He asked me what I needed to have to run a successful show. I said $250, expecting us to come to an agreement around $150. Instead, he said, “Great!”

The fact that I choked on my ice water after that should not have instilled his confidence in me.

Regardless, a date was set for a first show. I booked it with the best comedians I could, made a horrible poster, and promoted with as much gusto as possible.

It was the day of the show. I was nervous. I was prepared. I was a little nauseous.

I was not ready for Carl.


Let me answer all of the easy questions now.

No, Carl is not his real name. Yes, he still does comedy in the Chicagoland area, so I’m going to take some liberties with how I describe him. And, yes, most definitely, I will tell you his name if you put even a drop of beer on my tongue.

Carl is a dude who had been doing comedy for a while and even though I knew his name, I had never seen him perform. So, hours before the show began (I cannot stress the proximity of this story to the show), I got a Facebook message from Carl asking how much the show paid.

Now, I wish to God I still had this exchange from Facebook. It bums me out that I don’t because I would post it all right here. That being said, all you need to know is that this story is, to the closest of my recollection, 100% accurate, and whatever details I screw up do not undermine the story.

I honestly don’t remember what I told Carl about pay, but I do remember that he followed up with telling me all the clubs he performed at and then asking how he got a spot on the show. And I don’t mean future shows. I mean he wanted to be on the show for that night.

I told him the show was booked, because of course it was. Even in my worst days of running comedy rooms, I never waited until the last day to book a show. Did Carl think I just drove a pick-up into Chicago a few hours before showtime, yelled for comics, and then just took whoever came?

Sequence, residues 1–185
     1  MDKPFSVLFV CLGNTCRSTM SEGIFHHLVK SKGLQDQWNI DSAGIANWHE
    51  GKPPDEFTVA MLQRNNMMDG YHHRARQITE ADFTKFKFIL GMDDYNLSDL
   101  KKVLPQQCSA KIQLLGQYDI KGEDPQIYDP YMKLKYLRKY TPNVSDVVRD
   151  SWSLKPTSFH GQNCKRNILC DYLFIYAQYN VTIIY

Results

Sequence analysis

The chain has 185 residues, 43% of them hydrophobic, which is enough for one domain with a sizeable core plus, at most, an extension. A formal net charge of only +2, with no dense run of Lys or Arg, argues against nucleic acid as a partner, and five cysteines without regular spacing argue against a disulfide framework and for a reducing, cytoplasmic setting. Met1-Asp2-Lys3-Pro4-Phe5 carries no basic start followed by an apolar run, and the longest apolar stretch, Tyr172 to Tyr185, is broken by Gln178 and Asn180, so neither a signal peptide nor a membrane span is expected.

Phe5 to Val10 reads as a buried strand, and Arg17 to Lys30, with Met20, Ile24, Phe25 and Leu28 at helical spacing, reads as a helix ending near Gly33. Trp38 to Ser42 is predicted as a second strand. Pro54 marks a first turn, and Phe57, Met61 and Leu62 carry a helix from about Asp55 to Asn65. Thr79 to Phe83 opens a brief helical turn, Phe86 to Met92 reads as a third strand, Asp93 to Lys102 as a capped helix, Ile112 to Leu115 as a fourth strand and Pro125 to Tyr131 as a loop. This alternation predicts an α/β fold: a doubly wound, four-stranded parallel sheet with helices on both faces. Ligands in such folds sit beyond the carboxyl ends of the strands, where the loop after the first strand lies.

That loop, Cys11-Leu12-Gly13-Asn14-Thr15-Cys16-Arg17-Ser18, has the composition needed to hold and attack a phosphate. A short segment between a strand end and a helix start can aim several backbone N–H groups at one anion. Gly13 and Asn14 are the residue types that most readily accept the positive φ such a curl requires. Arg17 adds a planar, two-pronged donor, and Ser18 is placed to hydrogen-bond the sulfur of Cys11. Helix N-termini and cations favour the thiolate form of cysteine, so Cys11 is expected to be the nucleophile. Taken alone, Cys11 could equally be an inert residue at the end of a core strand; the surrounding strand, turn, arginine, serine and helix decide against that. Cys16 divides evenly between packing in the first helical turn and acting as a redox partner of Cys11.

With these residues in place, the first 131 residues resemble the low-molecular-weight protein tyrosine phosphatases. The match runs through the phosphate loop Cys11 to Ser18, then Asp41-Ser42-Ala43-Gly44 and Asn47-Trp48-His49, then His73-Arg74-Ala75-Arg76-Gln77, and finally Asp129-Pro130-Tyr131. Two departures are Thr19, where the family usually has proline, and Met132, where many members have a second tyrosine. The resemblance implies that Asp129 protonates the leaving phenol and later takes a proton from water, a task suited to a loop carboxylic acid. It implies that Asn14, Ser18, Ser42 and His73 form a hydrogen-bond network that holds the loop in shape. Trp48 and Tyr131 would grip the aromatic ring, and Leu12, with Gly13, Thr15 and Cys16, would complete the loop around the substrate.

Carl was very insistent that he wanted to be on the show THAT NIGHT. I’m not big on confrontation, so I made a concession: I offered him a five-minute unpaid guest spot and told him if it went well, I would love to have him back on a future show.

Carl accepted. I gave him the address and time of the show and went back to nervously pooping with the fear no one would come.

The show went well, if I remember correctly. It was a mostly full room and the comics I booked all did well. Well, not all the comics.

Carl didn’t come. I was surprised.

But not as surprised as what would happen next.


The next day, I got a phone call on my landline. For those of you younger readers, a landline was a phone you couldn’t take with you everywhere. In 2009, not a lot of people called landlines. It was mostly telemarketers, my older relatives on my mom’s side of the family, and a very upset Carl.

I’m not sure how he got my number, but it wouldn’t have been that hard. My Facebook profile had it listed. It also had the town I lived in, and my phone number was in the phone book (please don’t ask me to explain what a phone book is).

Carl wanted to let me know how upset he was that I offered him a guest set, which he took as an insult to someone of his comedic experience. He works clubs! Did you hear me? CLUBS! How dare I try and offer him an unpaid spot?

Then came the kicker: Carl asked, “So when is your next show and how much time am I doing?”

I remember wanting to freak out. The man called me AT MY HOME to tell me how upset he was about the offer of stage time which he accepted less than 24 hours earlier. Now this motherfucker was asking for a paid spot.

However, I am a coward. So I told him that I would have to get back to him and never spoke with him about shows again. He messaged me a few times after, but I never responded. Thankfully, there were no more calls.

I still think about that exchange sometimes. I don’t know what gives a person that kind of hubris. I’m glad that more people aren’t like Carl. And I’m going to keep producing, regardless of who messages me hours before a show.

At the of this publication, “Carl” and I are not Facebook friends. I’m not sure who unfriended who or when, and I honestly could care less.